If you wrote it with an LLM, it wasn’t worth writing
I’m seeing a lot of excitement around LLMs these days. I’m personally less than excited; I think they’re mostly poised to generate vast quantities of worthless noise, piling further on top of the already vast quantities of worthless noise which fill the Internet (I do think a personal, local LLM could be a useful way to query my own data, if AI startup dicks would stop buying up all the GPUs). I particularly think they’re going to make blogs a lot worse by removing the one very low bar to publishing a useless post: having to write the damn thing.
My basic thesis is: if you can get ChatGPT to write your blog post by describing in a few sentences what you want to “say”, well, why not just post the prompt? If all you have is “a union for software developers is a bad idea”, just post that – because all the LLM is going to do is stir up 1000 words of bland words from its training set that say the same thing.
When your midterm exam in American History instructs you to write 1500 words on the Reconstruction era in the South, is it fair to say that actually the professor is the one who wrote all 30 essays, since she’s the one who made the prompt?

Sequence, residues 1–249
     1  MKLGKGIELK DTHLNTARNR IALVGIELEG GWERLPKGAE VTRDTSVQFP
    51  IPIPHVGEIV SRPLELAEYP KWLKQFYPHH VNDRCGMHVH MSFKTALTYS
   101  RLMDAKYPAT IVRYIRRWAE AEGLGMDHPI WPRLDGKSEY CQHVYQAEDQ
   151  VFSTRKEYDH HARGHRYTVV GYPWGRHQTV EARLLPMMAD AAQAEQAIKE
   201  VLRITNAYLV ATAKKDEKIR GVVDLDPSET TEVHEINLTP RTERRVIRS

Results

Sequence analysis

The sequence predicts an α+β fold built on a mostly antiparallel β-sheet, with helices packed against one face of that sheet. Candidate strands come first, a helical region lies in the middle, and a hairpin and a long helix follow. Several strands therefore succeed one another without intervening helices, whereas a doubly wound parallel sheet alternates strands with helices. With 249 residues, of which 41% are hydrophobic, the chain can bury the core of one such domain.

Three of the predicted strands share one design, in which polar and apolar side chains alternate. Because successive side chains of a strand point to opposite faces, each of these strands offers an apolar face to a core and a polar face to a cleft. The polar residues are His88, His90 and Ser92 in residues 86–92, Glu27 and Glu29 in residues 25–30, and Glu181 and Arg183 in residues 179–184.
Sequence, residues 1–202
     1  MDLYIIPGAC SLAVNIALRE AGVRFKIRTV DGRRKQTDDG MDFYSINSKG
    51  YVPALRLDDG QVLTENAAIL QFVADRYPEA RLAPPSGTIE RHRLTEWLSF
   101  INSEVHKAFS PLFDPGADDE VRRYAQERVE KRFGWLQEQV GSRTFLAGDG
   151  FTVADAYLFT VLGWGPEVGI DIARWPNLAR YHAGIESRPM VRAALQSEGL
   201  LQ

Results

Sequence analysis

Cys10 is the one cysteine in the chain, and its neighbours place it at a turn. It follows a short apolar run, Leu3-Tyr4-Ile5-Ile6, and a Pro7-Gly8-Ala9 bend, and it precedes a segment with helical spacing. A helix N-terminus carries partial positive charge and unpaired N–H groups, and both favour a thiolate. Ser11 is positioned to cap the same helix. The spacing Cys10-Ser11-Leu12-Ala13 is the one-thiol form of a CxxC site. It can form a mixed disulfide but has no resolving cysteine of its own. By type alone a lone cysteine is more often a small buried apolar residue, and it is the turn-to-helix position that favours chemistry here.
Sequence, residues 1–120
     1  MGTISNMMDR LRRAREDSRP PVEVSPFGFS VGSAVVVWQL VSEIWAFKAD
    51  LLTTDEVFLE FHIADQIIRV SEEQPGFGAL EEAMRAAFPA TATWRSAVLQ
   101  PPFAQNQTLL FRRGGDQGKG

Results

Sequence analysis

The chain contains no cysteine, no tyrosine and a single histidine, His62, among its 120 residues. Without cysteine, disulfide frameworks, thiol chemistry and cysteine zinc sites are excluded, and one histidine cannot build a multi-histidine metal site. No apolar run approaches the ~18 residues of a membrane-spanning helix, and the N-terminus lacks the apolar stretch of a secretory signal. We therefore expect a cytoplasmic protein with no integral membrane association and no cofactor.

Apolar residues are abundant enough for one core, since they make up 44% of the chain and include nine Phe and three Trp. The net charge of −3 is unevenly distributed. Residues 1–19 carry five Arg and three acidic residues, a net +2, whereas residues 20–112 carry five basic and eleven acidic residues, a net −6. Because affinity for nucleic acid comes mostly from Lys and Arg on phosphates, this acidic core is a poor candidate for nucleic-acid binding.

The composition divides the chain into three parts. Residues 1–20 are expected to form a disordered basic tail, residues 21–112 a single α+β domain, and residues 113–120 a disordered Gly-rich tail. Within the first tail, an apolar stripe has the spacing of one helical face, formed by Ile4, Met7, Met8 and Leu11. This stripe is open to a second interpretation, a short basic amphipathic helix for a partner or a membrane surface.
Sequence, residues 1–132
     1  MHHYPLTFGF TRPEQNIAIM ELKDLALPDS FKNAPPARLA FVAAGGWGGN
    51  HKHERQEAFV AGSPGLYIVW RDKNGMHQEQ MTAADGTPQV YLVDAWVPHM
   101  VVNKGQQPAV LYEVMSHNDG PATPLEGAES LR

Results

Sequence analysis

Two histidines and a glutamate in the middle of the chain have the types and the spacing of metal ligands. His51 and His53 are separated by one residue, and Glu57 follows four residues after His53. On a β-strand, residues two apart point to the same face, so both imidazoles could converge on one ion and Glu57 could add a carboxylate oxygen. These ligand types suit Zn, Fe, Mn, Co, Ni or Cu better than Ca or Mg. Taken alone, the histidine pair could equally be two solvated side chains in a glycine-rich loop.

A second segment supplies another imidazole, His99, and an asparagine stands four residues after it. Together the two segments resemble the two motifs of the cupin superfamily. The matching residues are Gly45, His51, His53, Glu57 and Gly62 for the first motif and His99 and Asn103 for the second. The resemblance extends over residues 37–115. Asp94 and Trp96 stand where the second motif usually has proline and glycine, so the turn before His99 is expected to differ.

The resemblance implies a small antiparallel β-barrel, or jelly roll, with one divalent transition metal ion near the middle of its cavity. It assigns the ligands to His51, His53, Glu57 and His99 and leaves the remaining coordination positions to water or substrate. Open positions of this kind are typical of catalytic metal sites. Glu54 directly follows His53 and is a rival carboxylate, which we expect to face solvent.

Maybe you’re more advanced: you write up an outline of your desired post and feed it into the LLM so it covers your 5 core points. The problem is that it’s still not you writing. It’s just the Internet zeitgeist filling in the blanks for you, your Anti-Skub article being populated with the summation of a decade’s discussion on the
/r/antiskub sub-reddit. Just post the damn outline and be intellectually honest!
If you don’t care enough about the contents to actually make the contents yourself, if you’re happy to abdicate responsibility for the tedious reality of writing and skip straight to the Hacker News upvotes, then I don’t think it was worth writing in the first place, because it’s clearly already been said well enough by the rest of the world that a Large Language Model can fill in the blanks for you.